The core module and control hub of Tiangong, China’s first permanent space station, is called Tianhe, or ‘Heavenly Harmony’.
Its launch on April 29 meant that Tiangong is a huge step closer to becoming fully operational next year. The only alternative is the US-led International Space Station, although it is due to retire in 2024, leaving Tiangong potentially as the only space station in orbit.
Despite Tianhe’s harmonic name, its launch created a ruckus of cosmic proportions. The issue was that as well as getting the Tianhe into orbit, China also sent a large part of the delivery rocket – a Long March 5B – into space with no apparent way of controlling its eventual return to Earth.
The 23-tonne, 10-storey vessel was left to orbit the Earth, coming lower with every pass, before breaking up and falling into the Indian Ocean near the Maldives on May 9.
The uncontrolled descent stirred America’s NASA to publish a statement criticising China’s space programme for a lack of transparency and accusing it of “failing to meet responsible standards” with regard to space debris.
Beijing hit back accusing the West of double standards. “When a piece of [Elon Musk’s] SpaceX rocket landed on a farm in Washington in March this year American media used romantic descriptions such as ‘lighting up the night sky like a meteor’. But when it comes to China, the tune is completely different,” a spokeswoman for the Chinese Foreign Ministry said.
Normally rockets sent into orbit are programmed to reactivate as they approach the earth’s atmosphere so they can enter at a preset angle or be guided away from populated areas. The goal is to have as much of the rocket as possible burn up on re-entry and have the remaining debris fall into the sea or uninhabited regions.
The three-tonne upper stage of the SpaceX Falcon 9 rocket that fell back to Earth on March 25 was, like its predecessors, programmed to do this. But it appears to have malfunctioned, meaning it returned in an uncontrolled manner.
The Long March 5B by contrast does not seem to have been designed with re-entry controls in place. Or if it had, then it has malfunctioned twice, the first time in May last year when the inaugural launch of the rocket model put an 18-tonne piece of ‘staging’ into orbit – only for it to come crashing back to Earth in an uncontrolled manner a week later.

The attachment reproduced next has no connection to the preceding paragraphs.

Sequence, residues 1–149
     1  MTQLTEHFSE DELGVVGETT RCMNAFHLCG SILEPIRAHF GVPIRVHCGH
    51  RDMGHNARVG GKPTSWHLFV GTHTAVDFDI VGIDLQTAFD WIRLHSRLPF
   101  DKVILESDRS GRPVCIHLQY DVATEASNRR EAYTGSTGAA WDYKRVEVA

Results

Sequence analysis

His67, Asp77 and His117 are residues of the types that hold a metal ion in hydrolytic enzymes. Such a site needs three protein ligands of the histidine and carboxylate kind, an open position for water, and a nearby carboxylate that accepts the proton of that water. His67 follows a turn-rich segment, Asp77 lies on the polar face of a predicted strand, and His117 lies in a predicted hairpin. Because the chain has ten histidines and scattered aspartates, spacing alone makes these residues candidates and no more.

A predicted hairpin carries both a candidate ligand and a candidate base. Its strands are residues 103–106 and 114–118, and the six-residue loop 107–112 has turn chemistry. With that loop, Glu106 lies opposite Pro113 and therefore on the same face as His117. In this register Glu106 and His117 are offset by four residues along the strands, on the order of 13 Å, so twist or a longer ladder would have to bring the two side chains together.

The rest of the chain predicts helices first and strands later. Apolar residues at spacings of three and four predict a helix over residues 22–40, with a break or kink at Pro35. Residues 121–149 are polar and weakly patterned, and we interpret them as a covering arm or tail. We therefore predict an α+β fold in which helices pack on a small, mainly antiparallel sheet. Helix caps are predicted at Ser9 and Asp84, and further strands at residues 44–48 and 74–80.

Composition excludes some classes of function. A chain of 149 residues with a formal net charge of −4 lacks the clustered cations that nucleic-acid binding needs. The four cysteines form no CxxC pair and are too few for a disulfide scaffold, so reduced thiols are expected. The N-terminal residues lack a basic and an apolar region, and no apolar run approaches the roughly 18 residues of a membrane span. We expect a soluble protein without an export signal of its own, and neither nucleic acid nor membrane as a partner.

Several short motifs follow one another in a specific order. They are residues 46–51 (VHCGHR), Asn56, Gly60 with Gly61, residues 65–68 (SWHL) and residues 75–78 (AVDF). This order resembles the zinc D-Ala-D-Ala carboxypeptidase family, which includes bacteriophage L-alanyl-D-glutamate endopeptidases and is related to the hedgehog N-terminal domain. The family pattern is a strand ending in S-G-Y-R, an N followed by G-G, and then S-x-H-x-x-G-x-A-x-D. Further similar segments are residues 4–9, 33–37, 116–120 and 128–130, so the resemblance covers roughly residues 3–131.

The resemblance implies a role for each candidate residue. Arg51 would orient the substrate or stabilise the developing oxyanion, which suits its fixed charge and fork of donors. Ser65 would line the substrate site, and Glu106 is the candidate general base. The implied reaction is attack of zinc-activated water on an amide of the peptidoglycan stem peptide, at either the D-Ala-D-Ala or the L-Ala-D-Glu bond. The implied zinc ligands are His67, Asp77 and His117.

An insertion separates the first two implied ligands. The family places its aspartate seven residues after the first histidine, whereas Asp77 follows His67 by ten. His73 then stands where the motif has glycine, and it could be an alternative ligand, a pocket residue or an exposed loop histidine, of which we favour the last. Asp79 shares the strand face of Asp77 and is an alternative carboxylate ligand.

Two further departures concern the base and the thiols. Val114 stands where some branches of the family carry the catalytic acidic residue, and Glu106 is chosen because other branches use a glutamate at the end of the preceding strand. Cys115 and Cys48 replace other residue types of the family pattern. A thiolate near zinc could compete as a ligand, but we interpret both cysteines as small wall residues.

China has not been clear whether the Long March 5B parts are supposed to return to Earth this in this way or whether they should have been guided to a safe area.
The assumption now amongst foreign experts is that China is choosing not to build guided re-entry capability into the design and is instead taking a calculated risk that the debris will burn up on re-entry and fall somewhere over an ocean.
An interview with a rocket designer from the Chinese Academy of Launch Vehicle Technology carried by Xinhua this week appeared to confirm this. “Achieving controlled re-entry of the debris is difficult unless you are willing to lose a large part of the rocket’s carrying capacity. We try to avoid damage by tracking and monitoring the rocket in the final stages,” he said.
Further compounding international concern around the rocket was the fact that Chinese authorities released no statement for nine days after the launch, only breaking their silence via the Foreign Ministry two days before the debris came down.
The Long March is thought to be the fourth largest piece of space debris to return to Earth, the largest being the 77-tonne US Skylab, which returned in a hair-raising semi-controlled descent in 1979 – showering wreckage over southwestern Australia.
China is planning two further Long March 5B launches in 2022 to send two experimental modules, named Wentian and Mengtian, to join Tianhe in orbit.
It remains to be seen if those launches live up to the names of their payloads: ‘Quest for the Heavens’ and ‘Dream of the Heavens’.
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